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This page abstract: How large is a risk for a relapse in schizoprenia after successful treatment, and what signs should you look for to indicate that a relapse may be forthcoming.

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Relapses in Schizophrenia, Signs and Symptoms for Early Diagnosis

Intelligent natural language question-answering in the area of psychology and psychiatry. Ask a simple question  Local help Info

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Written by: Fabio Piccini, doctor and Jungian psychotherapist, in charge of the "Centre for Eating Disorders Therapy" at the "Malatesta Novello" Clinic in Cesena. Works privately in Rimini and Chiavari. E-mail:
First version: 22 Jul 2008. Latest revision: 24 Aug 2008.
What are the signs and symptoms to look for in relapse prevention of schizophrenia?


After a successful hospital treatment has relieved the acute symptoms of schizophrenia, and if a home community care program is regularly followed, and if the prescribed drugs are precisely taken, a new episode of the disease is quite a rare event.

But for a better case management it's extremely important for you to learn and identify some early signs and symptoms of an acute relapse of the disease.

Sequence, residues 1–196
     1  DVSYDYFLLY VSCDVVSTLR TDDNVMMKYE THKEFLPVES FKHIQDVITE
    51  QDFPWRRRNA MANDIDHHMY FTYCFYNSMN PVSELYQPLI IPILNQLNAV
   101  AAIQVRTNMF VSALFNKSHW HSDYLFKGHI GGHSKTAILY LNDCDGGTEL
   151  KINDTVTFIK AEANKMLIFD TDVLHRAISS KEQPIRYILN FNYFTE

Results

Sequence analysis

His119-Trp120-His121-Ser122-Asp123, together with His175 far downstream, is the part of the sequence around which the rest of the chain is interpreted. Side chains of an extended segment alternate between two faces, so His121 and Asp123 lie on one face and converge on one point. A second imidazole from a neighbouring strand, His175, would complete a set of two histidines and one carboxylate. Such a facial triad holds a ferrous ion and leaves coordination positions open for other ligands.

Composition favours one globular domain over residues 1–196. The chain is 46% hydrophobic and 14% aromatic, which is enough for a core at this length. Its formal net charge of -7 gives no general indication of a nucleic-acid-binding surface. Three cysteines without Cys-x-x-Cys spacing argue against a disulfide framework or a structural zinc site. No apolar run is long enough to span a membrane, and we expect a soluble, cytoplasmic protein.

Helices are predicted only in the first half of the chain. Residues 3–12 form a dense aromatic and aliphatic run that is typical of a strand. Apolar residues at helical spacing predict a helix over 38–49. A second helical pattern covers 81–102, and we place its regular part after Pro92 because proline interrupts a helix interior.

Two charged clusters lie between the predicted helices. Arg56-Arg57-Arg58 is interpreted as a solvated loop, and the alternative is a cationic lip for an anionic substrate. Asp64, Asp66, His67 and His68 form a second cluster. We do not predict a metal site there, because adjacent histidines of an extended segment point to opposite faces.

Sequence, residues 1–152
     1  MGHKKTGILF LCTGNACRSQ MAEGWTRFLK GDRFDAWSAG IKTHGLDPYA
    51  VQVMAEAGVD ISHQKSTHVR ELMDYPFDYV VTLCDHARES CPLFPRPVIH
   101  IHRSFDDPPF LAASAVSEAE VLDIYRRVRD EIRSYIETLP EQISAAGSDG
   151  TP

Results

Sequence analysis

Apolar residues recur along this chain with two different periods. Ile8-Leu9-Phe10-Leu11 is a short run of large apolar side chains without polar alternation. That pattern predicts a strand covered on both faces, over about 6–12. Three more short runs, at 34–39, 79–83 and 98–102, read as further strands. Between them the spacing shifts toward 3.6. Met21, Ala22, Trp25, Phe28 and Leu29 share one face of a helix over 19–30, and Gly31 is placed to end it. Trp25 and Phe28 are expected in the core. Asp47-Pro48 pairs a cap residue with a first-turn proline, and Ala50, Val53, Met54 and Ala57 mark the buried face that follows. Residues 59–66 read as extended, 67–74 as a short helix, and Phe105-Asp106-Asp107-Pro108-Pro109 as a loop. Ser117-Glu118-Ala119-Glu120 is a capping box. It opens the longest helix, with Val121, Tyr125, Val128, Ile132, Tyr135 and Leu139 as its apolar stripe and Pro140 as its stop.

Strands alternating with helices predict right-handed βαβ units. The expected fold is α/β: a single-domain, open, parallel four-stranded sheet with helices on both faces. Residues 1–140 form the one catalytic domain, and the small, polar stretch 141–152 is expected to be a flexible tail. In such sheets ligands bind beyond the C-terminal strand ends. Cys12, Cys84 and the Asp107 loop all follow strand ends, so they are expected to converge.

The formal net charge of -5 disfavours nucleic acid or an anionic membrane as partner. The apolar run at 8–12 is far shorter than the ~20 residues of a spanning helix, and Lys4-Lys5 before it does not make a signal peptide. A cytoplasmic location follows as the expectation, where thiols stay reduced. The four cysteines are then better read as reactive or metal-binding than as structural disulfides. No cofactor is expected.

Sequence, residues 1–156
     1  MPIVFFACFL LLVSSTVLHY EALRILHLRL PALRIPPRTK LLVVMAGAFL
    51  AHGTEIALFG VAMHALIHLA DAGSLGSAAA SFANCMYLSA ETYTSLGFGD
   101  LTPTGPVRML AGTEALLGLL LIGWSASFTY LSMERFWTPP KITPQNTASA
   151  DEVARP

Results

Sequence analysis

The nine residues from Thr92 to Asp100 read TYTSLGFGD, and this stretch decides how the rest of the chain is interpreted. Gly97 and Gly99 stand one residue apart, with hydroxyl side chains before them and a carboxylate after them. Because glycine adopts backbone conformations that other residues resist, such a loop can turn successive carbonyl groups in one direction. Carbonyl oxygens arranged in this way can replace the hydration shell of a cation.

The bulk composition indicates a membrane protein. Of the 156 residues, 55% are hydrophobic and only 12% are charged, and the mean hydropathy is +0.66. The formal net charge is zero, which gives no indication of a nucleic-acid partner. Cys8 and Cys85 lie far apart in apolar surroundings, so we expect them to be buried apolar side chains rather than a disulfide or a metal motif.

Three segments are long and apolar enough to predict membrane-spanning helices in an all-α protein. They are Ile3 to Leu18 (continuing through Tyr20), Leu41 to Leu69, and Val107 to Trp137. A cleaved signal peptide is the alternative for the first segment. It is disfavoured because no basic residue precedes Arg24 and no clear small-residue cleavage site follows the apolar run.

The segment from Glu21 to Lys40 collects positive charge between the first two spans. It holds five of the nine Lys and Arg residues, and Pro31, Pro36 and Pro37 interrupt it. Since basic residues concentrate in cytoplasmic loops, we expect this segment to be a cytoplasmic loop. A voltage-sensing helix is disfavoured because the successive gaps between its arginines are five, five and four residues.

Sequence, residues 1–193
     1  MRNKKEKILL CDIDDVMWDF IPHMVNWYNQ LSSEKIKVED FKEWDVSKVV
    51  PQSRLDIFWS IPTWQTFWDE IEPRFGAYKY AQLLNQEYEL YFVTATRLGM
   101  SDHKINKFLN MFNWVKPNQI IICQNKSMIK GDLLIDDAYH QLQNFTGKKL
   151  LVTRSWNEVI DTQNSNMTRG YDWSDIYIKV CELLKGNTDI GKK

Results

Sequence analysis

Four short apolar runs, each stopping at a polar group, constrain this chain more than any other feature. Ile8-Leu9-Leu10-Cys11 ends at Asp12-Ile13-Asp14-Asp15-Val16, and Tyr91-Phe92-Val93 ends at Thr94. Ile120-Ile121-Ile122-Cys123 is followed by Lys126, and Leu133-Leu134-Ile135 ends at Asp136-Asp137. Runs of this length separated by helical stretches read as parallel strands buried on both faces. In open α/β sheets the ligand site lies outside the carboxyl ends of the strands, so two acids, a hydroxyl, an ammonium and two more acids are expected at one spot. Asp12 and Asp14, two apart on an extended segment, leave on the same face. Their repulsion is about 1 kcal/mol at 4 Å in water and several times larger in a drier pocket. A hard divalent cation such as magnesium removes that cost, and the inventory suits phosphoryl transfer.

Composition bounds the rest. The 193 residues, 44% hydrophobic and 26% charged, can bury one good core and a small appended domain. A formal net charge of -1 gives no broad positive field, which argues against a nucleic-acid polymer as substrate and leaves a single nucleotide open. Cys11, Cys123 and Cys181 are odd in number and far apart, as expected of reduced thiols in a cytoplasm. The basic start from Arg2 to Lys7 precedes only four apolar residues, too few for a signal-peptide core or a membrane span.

As a general rule of thumb, you should learn to be alert for any change in state, appearance, thoughts, affective state, and behaviour of your relative particularly during the first two years of recovery after hospital dismission.

This means that if you want to be advised of an earlier relapse you should look for:

  • a newly developed sleeping disturbance, or unusual awakenings
  • the development of a new social avoidance, and/or new problems/difficulties in social relations
  • a new hyper-activity or an unusual tiredness
  • a new hostility towards relatives, friends and/or colleagues
  • unusual emotions, affects, or bizarre behaviours
  • strange and pervasive thoughts and perceptions (including delusions and hallucinations)
  • the use of a strange/unusual language
  • strange disappearances or get always from home or workplace
  • any new fear, suspiciousness or compulsive behaviour

If you feel these changes are significant and persistent, then you'd better ask for an expert opinion from your community care team, and discuss your concern with them. They will give you the best advice and support to prevent the crisis.

Disclaimer: The documents contained in this web site are presented for information purposes only. The material is in no way intended to replace professional medical care or attention by a qualified psychiatrist or psychotherapist. It can not and should not be used as a basis for diagnosis or choice of treatment. If you find anything wrong, please notify us at .
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